Securing Medicare coverage for home health services requires persistence, said John Gillespie, whose mother has gone through five home care agencies since she was diagnosed with ALS in 2014. He successfully appealed Medicare’s decision denying coverage, and afterward Medicare paid for his mother’s visiting nurse as well as speech and physical therapy.

“You have to have a good doctor and people who will help fight for you to get the right company,” said Gillespie, of Orlando, Fla. “Do not take no for an answer.”

Yet a Medicare official did not acknowledge any access problems. “A patient can continue to receive Medicare home health services as long as he/she remains eligible for the benefit,” said spokesman Johnathan Monroe.

But a leading industry group contends that Medicare’s home health care policies are often misconstrued. “One of the myths in Medicare is that chronically ill individuals are not qualified for coverage,” said William Dombi, president of the National Association for Home Care and Hospice, which represents nearly half of the nation’s 12,000 home care providers.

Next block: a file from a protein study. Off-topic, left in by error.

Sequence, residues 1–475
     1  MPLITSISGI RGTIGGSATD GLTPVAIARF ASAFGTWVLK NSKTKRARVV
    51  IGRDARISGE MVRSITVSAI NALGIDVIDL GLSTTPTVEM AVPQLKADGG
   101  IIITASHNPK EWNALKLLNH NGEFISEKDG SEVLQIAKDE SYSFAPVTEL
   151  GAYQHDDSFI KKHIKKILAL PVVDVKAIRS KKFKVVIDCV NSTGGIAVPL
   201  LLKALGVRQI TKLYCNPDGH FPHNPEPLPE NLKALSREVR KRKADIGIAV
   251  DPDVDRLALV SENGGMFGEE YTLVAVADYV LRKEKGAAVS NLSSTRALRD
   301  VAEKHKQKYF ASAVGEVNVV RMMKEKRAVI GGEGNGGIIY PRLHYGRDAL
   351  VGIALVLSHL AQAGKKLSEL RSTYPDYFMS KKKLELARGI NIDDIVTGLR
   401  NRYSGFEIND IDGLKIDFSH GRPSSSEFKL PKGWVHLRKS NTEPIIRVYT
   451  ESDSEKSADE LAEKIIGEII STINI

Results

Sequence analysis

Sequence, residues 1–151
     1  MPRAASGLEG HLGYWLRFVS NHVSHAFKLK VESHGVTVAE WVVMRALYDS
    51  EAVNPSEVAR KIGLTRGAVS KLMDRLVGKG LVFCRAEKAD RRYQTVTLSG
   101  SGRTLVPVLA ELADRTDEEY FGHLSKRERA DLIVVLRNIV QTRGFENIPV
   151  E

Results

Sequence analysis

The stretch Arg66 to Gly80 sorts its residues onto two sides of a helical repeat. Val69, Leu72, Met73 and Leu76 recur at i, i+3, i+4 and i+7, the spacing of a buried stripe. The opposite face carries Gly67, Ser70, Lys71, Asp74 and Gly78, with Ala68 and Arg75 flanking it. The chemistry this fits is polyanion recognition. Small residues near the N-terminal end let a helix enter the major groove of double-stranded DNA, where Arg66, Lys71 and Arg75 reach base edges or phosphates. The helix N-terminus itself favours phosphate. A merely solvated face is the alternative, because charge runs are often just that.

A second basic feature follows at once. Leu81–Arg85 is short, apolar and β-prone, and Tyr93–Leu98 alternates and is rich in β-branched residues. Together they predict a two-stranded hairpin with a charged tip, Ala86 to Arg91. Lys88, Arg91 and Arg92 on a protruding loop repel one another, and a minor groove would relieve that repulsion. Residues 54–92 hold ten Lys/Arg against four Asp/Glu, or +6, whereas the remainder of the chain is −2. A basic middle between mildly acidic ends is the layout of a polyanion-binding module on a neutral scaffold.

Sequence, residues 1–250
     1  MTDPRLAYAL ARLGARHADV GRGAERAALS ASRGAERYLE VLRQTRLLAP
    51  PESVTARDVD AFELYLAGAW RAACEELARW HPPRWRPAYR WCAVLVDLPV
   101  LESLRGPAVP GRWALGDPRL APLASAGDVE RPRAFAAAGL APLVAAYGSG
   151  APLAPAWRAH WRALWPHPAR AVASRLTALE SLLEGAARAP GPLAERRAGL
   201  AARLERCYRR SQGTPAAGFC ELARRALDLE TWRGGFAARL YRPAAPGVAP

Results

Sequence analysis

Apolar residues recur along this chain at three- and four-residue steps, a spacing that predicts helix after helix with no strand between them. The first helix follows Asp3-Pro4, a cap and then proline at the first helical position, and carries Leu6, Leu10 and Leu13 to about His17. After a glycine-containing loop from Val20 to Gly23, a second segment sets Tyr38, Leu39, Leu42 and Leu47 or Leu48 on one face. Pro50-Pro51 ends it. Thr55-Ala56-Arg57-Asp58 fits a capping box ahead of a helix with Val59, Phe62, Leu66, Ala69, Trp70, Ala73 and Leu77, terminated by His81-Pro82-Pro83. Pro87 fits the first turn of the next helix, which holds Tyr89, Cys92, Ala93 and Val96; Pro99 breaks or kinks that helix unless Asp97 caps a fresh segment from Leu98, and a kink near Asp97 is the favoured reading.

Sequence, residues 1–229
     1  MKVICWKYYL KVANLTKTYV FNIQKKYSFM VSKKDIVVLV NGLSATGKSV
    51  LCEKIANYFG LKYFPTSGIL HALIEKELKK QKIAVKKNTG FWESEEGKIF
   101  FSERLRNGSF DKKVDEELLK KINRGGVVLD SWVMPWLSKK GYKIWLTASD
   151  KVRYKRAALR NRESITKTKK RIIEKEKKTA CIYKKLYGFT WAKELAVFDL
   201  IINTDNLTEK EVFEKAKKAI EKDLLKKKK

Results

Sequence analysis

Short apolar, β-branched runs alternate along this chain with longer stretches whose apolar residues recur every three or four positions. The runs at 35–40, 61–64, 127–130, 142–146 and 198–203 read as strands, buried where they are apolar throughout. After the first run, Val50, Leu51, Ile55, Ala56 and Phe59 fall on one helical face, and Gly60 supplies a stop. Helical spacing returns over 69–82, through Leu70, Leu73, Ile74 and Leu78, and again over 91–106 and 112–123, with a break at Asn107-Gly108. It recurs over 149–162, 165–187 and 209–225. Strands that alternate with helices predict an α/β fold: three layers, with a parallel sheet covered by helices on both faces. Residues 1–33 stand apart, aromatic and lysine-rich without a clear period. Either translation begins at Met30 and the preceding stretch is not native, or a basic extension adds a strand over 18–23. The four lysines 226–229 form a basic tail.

Part of the problem is that some agencies fear they won’t be paid if they take on patients who need their services for a long time, Dombi said. Such cases can attract the attention of Medicare auditors who can deny payments if they believe the patient is not eligible or they suspect billing fraud. Rather than risk not getting paid, some home health agencies “stay under the radar” by taking on fewer Medicare patients who need long-term care, Dombi said.

And they may have a good reason to be concerned. Medicare officials have found that about a third of the agency’s payments to home health companies in the fiscal year ending last September were improper. 

Another factor that may have a negative effect on chronically ill patients is Medicare’s Home Health Compare ratings Web site. It includes grades on patient improvement, such as whether a client got better at walking with an agency’s help. That effectively tells agencies who want top ratings “to go to patients who are susceptible to improvement,” Dombi said.

 

This year, some home care agencies will earn more than just ratings. Under a Medicare pilot program, home health firms in nine states will start receiving payment bonuses for providing good care and those who don’t will pay penalties. Some criteria used to measure performance depend on patient improvement, Holt said.